Inside Victoria's Secret Model Lily Aldridge's 'Beautiful, Comfy, Cozy' Nashville Home
The model and her husband, rocker Caleb Followill, wanted a family home out of the spotlight with daughter Dixie
Lily Aldridge may look perfectly at home on a Victoria’s Secret runway, but the model and mom would rather be laying low at her charming house in Nashville.
“Home is everything,” says Aldridge, who relocated to the city with her husband, Kings of Leon singer Caleb Followill, over a decade ago. The birth of their daughter, Dixie, now 6, sparked their move from a condo in the middle of city nightlife to a Tudor Revival abode “near a great school.”
“We both travel a lot for work, but we do everything in our power to go in and out as fast as possible so we can have a normal life here,”the California native tells Architectural Digest of their precious time out of the spotlight.
Their soft spot for domesticity peaks during the holidays when, Followill jokes, their charming abode, “feels like the Griswold House” from National Lampoon’s Christmas Vacation.
While Aldridge fell for the 1930 build right away, Followill needed a little more convincing. “My husband wanted to move into different house,” she says.
With the help of celebrity designers and close friends Louisa Pierce and Emily Ward of Pierce & Ward, she was able to persuade him. Pierce and Ward renovated every square inch of the home while the famous couple was out of town, and filled it with local antique store treasures: leather club chairs, poufs, chandeliers, and midcentury modern pieces.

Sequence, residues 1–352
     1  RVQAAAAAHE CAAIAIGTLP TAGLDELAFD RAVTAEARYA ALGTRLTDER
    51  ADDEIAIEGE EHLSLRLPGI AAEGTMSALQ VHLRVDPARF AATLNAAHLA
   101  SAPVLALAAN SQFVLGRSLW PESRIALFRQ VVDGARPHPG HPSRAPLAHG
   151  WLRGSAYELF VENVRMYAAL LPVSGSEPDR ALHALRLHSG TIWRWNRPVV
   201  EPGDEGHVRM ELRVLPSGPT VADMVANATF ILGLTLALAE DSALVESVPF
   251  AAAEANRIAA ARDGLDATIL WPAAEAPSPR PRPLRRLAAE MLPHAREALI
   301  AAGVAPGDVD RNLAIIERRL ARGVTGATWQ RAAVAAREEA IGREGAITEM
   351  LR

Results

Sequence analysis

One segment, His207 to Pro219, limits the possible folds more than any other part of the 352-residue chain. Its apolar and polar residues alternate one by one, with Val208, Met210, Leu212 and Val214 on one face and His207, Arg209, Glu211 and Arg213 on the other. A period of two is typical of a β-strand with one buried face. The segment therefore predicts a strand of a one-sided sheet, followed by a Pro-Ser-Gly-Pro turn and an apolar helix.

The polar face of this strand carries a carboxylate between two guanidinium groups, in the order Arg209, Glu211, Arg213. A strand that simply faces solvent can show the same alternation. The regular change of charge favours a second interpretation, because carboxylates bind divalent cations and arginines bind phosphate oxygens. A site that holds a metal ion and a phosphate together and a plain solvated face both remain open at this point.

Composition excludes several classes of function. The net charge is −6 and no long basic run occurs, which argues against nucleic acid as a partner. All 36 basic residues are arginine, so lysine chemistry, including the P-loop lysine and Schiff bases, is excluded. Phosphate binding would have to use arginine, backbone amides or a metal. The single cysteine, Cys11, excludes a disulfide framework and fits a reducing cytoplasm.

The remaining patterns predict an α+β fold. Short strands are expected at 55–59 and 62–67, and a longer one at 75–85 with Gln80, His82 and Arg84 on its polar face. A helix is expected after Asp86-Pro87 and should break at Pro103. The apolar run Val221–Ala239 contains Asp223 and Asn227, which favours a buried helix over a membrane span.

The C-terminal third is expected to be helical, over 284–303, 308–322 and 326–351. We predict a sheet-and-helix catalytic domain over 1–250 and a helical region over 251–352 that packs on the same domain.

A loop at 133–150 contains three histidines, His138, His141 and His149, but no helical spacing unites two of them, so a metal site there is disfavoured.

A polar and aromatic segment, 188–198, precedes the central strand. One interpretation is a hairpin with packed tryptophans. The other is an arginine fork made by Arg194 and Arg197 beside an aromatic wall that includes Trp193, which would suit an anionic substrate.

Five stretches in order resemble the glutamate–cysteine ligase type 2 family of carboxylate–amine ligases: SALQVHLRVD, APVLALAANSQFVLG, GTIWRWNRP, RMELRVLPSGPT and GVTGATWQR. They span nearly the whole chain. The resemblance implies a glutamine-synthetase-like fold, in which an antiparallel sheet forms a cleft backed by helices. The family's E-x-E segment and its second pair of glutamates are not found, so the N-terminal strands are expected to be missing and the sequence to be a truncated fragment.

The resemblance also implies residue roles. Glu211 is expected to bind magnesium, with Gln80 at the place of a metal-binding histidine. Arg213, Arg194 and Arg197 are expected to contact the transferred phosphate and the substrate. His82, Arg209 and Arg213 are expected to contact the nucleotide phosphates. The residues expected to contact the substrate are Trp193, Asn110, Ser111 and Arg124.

“It was beautiful, comfy, cozy,” Aldridge says. “My childhood home was inviting and comfortable. It was a house where everyone was welcome, my family was always cooking and entertaining, nothing was too precious.”
The couple carries on those same traditions and comfy vibe in their home today.
“I love hosting,” she tells AD. And despite their “gorgeous” dining room, the model admits they’ve never had one dinner there.
“Nothing is ever super-duper formal,” she says.
To read the full feature and see more photos pick up the September issue of Architectural Digest, or visit archdigest.com.